Old FAA case against Boeing is Partially settled under New FAA philosophy Good Result!

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Both the FAA and the Boeing Commercial Planes issued statements about the resolution of pending cases. This resolution not only closes thirteen matters but it also forges a compromise within the FAA between its old and its new approaches to this type of case.

The facts in the original cases date back to 1996 and 2008. The subsequent complaints were issued by the FAA to Boeing; they are dated in 2012 and 2013. So while these proceedings were working their way through FAA and US Attorney lawyers reviews, a major shift in FAA policy occurred—from enforcement (civil penalties) to compliance (collaborative solutions) as the primary regulatory regime. There were some initial signals that this transition may have incurred resistance in the FAA field offices. One recent final action indicated that maybe the new approach was getting traction.

Now comes these two high profile cases, plus 11 other matters, in which lawyers and technical staff on both sides have invested substantial time. If your viewing or reading preferences include any recent criminal case stories, you know that, WHEN the “defendant” compelled the prosecutor to work that hard, the government demanded the maximum penalty (that is also an FAA’s “old school” enforcement stance). The two original press releases totaled $16.32M in fines; so historic expectations would point to a number close to or higher than the starting offer.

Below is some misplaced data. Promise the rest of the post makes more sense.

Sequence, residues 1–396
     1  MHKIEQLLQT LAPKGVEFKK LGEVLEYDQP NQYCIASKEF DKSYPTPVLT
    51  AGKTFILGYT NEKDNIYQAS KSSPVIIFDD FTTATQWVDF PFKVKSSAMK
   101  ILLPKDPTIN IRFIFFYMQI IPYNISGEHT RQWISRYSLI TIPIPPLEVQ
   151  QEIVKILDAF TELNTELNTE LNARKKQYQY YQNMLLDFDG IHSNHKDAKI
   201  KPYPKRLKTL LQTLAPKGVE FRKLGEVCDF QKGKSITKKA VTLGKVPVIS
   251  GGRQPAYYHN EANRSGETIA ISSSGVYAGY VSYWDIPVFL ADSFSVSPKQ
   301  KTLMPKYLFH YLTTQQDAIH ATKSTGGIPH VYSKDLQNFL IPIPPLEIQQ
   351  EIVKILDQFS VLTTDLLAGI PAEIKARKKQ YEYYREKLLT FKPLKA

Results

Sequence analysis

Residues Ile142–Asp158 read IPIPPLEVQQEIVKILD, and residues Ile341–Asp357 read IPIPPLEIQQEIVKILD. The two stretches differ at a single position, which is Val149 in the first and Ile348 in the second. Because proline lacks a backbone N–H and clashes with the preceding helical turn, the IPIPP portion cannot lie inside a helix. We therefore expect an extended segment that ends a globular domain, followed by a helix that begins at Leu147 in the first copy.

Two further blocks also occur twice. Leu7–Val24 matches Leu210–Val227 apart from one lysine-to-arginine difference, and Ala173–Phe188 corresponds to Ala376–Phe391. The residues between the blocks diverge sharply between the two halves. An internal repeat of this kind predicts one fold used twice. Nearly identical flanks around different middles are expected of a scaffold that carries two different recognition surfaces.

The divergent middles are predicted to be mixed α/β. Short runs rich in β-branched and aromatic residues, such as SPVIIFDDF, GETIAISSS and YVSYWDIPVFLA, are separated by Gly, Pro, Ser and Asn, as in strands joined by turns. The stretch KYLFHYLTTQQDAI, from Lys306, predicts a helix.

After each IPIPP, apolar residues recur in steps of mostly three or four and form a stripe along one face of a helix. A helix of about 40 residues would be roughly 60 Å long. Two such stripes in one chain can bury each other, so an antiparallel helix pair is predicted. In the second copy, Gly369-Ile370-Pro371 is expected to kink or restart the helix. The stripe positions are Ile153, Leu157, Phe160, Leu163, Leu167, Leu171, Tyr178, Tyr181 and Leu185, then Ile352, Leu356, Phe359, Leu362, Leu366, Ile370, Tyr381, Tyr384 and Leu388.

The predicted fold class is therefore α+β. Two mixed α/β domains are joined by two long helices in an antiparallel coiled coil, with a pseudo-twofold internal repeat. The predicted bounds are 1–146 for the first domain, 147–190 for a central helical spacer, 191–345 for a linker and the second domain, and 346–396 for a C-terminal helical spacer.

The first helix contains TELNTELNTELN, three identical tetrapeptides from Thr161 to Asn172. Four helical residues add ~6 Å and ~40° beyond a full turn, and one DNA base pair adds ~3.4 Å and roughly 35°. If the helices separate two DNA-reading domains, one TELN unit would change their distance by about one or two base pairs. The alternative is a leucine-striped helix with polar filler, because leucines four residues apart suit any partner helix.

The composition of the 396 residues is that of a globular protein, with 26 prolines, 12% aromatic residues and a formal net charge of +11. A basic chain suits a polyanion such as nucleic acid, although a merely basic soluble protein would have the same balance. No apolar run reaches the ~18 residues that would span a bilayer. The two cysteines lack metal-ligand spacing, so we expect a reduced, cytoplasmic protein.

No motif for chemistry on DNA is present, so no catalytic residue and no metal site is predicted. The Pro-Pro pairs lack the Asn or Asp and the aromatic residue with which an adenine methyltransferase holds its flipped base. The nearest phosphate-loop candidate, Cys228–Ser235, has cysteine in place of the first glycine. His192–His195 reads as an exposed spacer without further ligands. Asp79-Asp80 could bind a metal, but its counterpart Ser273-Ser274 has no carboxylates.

faa sms aviation safety management systems

The final FAA press release incorporated a modified Old School approach by agreeing to a reduction to $12M to be paid by Boeing plus a “New School” collaborative solution. The list of “fixes” agreed to under the SMS approach includes:

Improved Management Oversight and Accountability

  • Implement the Safety Management Systems (SMS) plan BCA has developed to meet internationally accepted standards, throughout the company’s activities.
  • Use the FAA’s safety analysis modeling, in addition to BCA’s proprietary risk modeling, to assess all identified compliance issues.
  • Comply with a new Regulatory Compliance Plan, which requires BCA to assign each compliance matter to a manager-level employee for resolution and accountability.
  • Require review of the regulatory compliance performance of BCA managers.

Internal Auditing

  • To improve its internal audit processes, audit teams will be required to report directly to BCA’s Vice President of Quality, and conduct audits across all processes (Engineering, Supplier Management, Production, Modification, Repair and Customer Support) at all sites.
  • Assess the effectiveness of its internal auditing systems.
  • Appoint audit team members with appropriate technical expertise to assess the extent of regulatory compliance.
  • Conduct an evaluation of regulatory compliance procedures among different facilities and programs.
  • Implement risk-based criteria for selecting the subjects of audits.

Enhanced Supplier Management

  • To determine whether incomplete work is being accepted, conduct an initial set of audits of its suppliers, analyze the results and consult with the FAA on audit findings.
  • Based upon risk analysis, conduct a second, more extensive set of audits, again reporting the results to the FAA and providing the FAA with a summary of any corrective actions.

Quality and Timeliness Regulatory Submissions

  • Meet progressively more stringent performance metrics in the quality and timeliness of its written submissions to the FAA.

Specification Simplification

  • Annually for the next five years, review and simplify at least 15 process specifications used in the design, build, delivery and support of BCA products.

First-Article Verification

  • Implement improvements to processes to ensure that assembly installations that have been affected by process or design changes continue to conform to type design.